Thursday, September 17, 2009

Advertising: It's Everywhere, It's Everywhere

The insidiousness of commercial communication is so rampant that we no longer notice it, and we no longer think about its intrusion into our daily lives. Whether it’s supermarkets tracking our purchases as we swipe our cards, or the innocuous selling of magazine subscription data to marketers, consumers do not see the process of selling data—there is no transparency—and so they don’t know to care. What has seemed innocuous has turned uglier in my opinion. Behavioral tracking or behavioral advertising as it is sometimes called allows a website to collect information about you and then sell it to potential advertisers. A good example was offered up by a student who said, after purchasing something from American Apparel, she noticed the next day that an ad for American Apparel showed up on her Facebook page. Any organization that collects data—in all possible forms—is in the position to sell that data to others. Data mining is big business for politicians and for marketers of products and services. For the consumer, the playing field has again become uneven. Consumers don’t stand a chance, because they aren’t even aware this is going on. At the beginning of September, ten consumer advocacy groups appealed to Congress to do something about this growing problem. Today, it was reported the FTC would take up the issue in a series of public discussions that will take place in December. What may come out of those discussions are answers to questions regarding our right to privacy. Why the discussions are limited to behavioral advertising on the web and do not extend to other database marketing tactics is beyond me. To the extent that people care about their privacy, this is a huge issue. But I’m not sure people even care that much; we live in such an over-exposed society. Awareness is a good first step, as you cannot respond to an issue unless you know it’s going on. Many people don't mind this at all; they don't perceive it to be an intrusion. For those consumers would prefer to keep their purchases to themselves, some guidelines and perhaps regulations by the FTC may be in order.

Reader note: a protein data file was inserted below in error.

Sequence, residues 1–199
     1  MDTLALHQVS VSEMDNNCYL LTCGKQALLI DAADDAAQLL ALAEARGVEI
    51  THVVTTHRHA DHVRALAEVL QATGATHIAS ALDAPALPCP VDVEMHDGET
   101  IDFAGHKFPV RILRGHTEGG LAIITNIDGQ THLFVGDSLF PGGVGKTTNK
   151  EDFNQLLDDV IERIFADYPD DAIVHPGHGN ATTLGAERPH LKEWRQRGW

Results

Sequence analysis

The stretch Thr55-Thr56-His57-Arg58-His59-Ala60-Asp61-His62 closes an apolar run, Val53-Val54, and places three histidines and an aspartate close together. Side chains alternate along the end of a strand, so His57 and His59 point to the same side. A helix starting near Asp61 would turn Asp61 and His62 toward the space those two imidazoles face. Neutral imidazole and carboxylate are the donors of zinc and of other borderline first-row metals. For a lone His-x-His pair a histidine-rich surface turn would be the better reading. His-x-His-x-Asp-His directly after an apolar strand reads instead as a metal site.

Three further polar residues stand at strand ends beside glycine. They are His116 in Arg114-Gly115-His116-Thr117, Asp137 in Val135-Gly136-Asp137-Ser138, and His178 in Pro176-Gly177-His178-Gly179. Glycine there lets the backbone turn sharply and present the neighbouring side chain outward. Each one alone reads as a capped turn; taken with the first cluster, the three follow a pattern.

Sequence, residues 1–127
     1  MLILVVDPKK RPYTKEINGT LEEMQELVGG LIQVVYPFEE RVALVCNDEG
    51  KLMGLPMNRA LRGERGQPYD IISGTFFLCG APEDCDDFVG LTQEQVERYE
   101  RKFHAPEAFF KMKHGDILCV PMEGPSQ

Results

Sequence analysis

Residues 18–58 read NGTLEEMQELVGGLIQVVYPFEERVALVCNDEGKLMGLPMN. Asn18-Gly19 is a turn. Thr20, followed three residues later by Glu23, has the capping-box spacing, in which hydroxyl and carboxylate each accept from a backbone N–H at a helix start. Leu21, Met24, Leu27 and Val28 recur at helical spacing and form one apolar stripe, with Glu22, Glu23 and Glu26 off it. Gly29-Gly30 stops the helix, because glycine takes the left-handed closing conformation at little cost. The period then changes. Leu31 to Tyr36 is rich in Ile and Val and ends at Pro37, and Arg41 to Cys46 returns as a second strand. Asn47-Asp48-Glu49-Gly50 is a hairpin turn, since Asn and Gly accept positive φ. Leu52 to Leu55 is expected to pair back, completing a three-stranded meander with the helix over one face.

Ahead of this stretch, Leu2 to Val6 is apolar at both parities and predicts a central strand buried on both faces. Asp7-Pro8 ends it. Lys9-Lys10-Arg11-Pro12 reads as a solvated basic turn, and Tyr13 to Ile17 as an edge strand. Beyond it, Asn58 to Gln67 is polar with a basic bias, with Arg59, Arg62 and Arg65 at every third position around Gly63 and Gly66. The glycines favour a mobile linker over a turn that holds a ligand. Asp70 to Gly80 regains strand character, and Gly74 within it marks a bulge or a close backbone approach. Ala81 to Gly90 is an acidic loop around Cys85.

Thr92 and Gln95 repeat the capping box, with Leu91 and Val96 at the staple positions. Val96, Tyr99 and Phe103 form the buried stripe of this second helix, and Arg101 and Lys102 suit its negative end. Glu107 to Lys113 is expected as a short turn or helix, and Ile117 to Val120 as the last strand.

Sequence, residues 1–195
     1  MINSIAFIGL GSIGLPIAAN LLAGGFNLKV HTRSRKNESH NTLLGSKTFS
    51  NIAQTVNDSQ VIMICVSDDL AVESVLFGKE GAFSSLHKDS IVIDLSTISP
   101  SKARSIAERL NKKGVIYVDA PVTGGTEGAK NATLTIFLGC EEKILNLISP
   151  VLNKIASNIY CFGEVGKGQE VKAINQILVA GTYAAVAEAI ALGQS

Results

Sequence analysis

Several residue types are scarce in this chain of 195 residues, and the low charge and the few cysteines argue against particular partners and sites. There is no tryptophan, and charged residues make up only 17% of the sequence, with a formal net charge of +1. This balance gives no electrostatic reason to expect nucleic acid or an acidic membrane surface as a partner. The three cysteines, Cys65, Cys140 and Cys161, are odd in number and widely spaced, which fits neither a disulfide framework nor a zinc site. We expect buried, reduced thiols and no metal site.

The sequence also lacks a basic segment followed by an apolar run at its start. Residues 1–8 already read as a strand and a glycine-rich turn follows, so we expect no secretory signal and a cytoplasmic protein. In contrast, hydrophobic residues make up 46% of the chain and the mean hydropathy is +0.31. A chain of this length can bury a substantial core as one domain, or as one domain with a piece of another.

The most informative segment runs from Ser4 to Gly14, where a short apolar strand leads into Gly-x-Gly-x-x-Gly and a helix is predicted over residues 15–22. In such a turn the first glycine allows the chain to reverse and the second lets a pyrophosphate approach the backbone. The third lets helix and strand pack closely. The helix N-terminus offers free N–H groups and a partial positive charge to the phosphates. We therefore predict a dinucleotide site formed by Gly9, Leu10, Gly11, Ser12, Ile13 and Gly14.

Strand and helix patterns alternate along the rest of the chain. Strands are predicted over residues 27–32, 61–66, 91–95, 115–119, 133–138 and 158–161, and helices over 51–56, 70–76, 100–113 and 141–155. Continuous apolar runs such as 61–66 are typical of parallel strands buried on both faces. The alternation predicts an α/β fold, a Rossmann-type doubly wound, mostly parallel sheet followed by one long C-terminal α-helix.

1 comment:

Stevie said...

Personally I find date mining to be a complete intrusion into someones privacy. However I agree that there are some people out there who simply are not very concerned with this type of data streaming. Maybe right now this idea of date collection is not dangerous but it definitely does seem to have that potential.